Sports – The World Domination Plan

Seems like everyone has a world domination plan (WDP) these days.

Google and Facebook have essentially taken over advertising. A full 98% of Facebook’s $9.3 billion second quarter profits came from advertising while 87% of Google’s $26 billion profit from the same period was ad based. Facebook is charging advertisers 24% more than it did in 2016. And those numbers will only continue to rise.

The reason they can do this is their ads work. They have the numbers to prove it. As long as they deliver this kind of performance, people will continue to advertise on these platforms. They dominate because they perform.

I’m more troubled by those who dominate without having to perform.

There is a branding vacuum being created in sports. It’s happening slowly, but surely in golf and tennis and probably other sports as well. When the governing bodies and/or professional associations begin taking over the marketing of the events and tournaments they are supposed to be helping, branding no longer serves the event. It serves the higher entity.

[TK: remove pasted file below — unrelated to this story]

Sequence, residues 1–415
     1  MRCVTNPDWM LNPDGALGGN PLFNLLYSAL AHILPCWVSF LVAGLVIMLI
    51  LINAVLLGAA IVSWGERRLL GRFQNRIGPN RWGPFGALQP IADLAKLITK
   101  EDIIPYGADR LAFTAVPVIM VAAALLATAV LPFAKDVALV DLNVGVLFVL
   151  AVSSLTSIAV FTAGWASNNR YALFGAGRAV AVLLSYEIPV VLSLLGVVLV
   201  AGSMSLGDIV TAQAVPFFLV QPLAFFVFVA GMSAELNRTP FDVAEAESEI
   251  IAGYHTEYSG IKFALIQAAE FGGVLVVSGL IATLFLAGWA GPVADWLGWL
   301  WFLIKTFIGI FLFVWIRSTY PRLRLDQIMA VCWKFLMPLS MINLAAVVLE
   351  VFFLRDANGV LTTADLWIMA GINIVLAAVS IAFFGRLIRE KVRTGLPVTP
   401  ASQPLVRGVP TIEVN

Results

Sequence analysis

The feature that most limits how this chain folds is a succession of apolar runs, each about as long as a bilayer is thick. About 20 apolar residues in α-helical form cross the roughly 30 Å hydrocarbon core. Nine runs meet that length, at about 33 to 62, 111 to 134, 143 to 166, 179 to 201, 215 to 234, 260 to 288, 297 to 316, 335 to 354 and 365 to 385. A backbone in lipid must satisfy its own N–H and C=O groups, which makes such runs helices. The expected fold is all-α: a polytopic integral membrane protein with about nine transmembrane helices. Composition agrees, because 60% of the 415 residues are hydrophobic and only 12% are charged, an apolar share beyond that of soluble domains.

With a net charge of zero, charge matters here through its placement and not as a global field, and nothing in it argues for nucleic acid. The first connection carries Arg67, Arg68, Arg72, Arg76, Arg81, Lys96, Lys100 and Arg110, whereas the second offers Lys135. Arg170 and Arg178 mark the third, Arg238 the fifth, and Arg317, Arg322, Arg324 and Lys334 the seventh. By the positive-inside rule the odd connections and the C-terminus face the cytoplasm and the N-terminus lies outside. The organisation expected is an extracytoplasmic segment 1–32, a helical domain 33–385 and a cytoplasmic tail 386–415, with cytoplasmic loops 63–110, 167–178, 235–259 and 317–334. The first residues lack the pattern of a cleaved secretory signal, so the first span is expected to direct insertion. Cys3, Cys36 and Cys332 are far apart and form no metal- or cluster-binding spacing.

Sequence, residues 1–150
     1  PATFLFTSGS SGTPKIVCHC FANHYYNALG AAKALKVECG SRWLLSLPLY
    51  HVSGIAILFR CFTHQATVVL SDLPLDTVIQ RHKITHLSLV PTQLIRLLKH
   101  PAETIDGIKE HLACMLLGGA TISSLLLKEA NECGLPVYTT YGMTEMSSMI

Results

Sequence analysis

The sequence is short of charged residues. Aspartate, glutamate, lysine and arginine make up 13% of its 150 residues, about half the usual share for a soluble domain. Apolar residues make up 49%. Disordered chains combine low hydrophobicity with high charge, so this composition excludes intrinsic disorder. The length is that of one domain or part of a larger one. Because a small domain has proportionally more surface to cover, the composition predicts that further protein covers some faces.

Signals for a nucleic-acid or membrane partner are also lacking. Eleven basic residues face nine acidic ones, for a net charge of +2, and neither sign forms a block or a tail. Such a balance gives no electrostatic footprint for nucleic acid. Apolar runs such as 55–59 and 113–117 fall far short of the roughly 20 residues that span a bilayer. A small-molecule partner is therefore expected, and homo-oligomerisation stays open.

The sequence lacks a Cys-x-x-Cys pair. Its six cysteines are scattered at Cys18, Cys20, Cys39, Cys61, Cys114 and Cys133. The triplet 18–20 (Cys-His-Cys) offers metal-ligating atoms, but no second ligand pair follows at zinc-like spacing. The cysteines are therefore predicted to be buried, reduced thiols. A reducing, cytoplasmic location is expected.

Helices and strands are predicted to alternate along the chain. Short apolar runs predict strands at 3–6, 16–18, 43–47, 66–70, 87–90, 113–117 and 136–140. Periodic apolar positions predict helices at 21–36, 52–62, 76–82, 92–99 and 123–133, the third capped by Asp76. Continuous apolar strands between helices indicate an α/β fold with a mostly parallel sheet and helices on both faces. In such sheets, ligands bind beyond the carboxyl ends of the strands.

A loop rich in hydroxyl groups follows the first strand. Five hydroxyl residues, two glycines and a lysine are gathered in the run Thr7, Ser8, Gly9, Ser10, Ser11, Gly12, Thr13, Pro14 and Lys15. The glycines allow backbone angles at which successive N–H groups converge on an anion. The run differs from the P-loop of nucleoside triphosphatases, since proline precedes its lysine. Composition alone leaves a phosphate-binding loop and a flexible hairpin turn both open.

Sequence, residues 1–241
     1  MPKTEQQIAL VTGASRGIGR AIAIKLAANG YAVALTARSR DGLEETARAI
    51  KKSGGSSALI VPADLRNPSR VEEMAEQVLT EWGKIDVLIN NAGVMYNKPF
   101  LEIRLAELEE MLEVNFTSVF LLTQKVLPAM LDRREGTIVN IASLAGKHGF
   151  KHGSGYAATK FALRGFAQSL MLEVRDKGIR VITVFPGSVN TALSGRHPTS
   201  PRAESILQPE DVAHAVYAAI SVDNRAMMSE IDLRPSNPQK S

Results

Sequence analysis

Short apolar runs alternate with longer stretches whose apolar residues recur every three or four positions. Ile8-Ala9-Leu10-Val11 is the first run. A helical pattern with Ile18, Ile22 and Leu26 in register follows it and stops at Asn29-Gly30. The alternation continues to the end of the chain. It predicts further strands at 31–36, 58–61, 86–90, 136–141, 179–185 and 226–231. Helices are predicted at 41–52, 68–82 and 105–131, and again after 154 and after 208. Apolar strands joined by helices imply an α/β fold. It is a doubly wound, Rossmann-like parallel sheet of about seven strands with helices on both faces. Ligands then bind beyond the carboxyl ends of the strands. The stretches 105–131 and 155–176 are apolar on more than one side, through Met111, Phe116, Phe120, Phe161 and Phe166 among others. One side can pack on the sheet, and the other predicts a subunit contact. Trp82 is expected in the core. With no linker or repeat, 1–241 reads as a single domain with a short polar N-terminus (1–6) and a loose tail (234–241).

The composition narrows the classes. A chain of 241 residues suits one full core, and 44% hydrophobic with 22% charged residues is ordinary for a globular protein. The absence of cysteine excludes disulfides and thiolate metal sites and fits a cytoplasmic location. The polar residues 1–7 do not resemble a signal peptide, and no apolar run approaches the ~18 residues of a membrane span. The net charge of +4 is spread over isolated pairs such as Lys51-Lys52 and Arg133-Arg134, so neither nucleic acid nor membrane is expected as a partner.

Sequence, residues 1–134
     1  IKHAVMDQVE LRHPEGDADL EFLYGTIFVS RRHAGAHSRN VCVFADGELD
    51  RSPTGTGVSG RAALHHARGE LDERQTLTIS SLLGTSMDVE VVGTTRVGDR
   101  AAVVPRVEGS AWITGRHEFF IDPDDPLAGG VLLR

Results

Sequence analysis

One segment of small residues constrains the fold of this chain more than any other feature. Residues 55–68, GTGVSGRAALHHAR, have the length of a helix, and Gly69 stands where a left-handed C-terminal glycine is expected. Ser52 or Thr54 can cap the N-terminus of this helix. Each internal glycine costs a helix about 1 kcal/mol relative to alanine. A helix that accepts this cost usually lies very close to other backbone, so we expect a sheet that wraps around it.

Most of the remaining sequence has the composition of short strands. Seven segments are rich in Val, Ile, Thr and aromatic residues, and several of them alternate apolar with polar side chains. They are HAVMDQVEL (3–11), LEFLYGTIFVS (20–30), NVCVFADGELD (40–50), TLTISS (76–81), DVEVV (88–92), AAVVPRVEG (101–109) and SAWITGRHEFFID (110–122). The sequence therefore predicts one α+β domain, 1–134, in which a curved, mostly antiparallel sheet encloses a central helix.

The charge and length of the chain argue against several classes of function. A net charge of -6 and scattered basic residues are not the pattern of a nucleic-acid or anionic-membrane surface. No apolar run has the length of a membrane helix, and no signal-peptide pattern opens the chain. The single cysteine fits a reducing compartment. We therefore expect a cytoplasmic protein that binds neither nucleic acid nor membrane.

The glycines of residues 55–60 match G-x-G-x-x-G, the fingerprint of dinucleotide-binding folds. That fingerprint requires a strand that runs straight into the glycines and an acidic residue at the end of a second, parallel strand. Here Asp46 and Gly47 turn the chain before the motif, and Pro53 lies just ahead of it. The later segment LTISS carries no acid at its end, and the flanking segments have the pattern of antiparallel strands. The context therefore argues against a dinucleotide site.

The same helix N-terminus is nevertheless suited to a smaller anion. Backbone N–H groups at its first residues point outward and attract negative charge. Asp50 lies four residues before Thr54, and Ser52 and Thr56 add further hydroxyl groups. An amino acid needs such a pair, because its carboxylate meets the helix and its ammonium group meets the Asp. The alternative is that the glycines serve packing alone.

It starts with bundling. If your tournament uses Ticketmaster, for instance, you’ll get a set amount of marketing dollars to spend on that platform as part of your deal. Of course, the professional association must manage those dollars for you, essentially handling a chunk of your media spend. Before you know it, they’re doing your creative.

You’ve seen ads where you swap out the city scape visuals yet the message is the same. That’s what happens when governing bodies and associations do the creative campaigns for the tournaments on their tours. It removes the personality from the local events and turns them into generic stops on the road to the major.

Marketing is about carving out and promoting that one thing that inherently differentiates you from the competition. Each tournament offers a unique experience – through its venue, its sponsors, its history, and its spectators. I hate to watch so many sporting event brands diminish so their professional associations can thrive.